Yes, Senator Richard Pan, a pediatrician in California has been a big target in recent years.
He is not the only one though.
Paul Offit has been a common target.
Other pediatricians have also been attacked, with protestors showing up at their offices and harassing their patients.
But it is not just pediatricians and legislators who are getting harassed.
It should be clear that the anti-vaccine movement has “shifted its tactics” as they continue to try and scare parents away from vaccinating and protecting their kids.
“Upon close inspection, the anti-vaccination movement is not about vaccines. It’s an anti-government conspiracy theory. In order to believe the anti-vaccination line, you have to believe the government is working proactively to harm your children (by protecting them from deadly and debilitating diseases). It’s paranoid thinking, and a very small but vocal minority of Americans fervently embrace the irrational fear of immunization.”
The Sacramento Bee Editorial Board on Activism or Terrorism? Anti-vaccine movement must use facts, not violence, to argue
“Parents from around Southern California choose Gordon for his outspoken and controversial stance on vaccinations, driving from as far away as Santa Barbara and Long Beach.
They know he will lend a sympathetic ear to their concerns about the possible adverse side effects of childhood vaccinations — even though several large scientific studies have failed to find a connection.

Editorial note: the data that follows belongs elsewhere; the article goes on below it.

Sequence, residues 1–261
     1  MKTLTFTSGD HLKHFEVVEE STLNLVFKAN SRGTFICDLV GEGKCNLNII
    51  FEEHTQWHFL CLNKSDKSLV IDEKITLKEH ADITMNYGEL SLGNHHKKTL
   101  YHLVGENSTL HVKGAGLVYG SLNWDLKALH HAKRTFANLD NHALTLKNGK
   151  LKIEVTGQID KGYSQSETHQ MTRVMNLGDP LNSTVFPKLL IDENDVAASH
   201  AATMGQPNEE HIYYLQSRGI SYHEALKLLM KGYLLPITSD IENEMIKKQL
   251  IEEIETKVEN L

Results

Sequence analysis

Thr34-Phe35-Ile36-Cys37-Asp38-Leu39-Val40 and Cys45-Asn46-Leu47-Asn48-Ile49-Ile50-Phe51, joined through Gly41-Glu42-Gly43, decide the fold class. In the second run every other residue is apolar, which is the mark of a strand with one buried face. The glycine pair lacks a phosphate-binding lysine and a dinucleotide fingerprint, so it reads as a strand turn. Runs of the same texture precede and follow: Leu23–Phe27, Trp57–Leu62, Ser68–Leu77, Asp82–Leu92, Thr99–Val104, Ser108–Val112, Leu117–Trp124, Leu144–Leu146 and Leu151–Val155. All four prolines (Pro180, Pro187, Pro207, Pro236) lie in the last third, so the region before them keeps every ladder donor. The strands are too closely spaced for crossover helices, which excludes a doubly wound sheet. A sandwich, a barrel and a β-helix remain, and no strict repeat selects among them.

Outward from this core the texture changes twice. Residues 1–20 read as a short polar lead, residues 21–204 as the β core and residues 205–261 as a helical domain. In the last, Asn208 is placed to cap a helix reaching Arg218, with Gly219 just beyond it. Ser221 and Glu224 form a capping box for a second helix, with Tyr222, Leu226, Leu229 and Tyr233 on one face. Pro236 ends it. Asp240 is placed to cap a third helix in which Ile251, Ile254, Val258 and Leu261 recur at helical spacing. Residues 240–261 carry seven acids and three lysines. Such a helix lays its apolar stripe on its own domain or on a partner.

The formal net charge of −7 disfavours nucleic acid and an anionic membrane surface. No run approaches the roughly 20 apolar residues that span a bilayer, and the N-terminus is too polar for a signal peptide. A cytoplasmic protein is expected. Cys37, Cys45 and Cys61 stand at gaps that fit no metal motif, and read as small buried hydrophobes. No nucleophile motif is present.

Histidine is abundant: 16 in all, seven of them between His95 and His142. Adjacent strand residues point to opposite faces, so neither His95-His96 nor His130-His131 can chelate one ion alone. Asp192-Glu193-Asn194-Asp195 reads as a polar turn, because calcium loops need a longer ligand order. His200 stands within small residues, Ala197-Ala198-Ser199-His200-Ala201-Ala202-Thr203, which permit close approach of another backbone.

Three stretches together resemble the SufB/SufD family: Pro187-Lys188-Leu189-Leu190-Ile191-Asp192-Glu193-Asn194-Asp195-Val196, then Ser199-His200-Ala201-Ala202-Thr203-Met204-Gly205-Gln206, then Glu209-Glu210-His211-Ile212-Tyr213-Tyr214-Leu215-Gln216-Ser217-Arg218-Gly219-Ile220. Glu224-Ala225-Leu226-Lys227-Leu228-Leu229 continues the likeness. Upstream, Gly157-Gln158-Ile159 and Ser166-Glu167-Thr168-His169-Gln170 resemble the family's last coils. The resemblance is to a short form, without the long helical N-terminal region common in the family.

His openness to alternative approaches has earned him an avid following. With thousands of patients, his practice is so busy that he no longer accepts new patients.”
Los Angeles Times on Doctor Contrarian
Often described as a celebrity pediatrician, partly because he sees many of the kids of Hollywood celebrities, the Los Angeles Times once named him Doctor Contrarian.
How Jay Gordon On Bill Maher Helps Explain Our Anti-Vaccine Problems
Jay Gordon has become a bit of a celebrity in his own right too, with appearances on Good Morning America, with Cindy Crawford, the Ricki Lake Show, the Doctors, and he was even a regular on ABC TV’s Home Show back in the 1990s.
Although he claims he is not anti-vaccine, Jay Gordon has made many other statements over the years that had vaccine advocates shaking their heads.
His main idea is that vaccines should be given on a slower schedule, just one or two at a time and that some shouldn’t be given until kids are “developmentally solid.”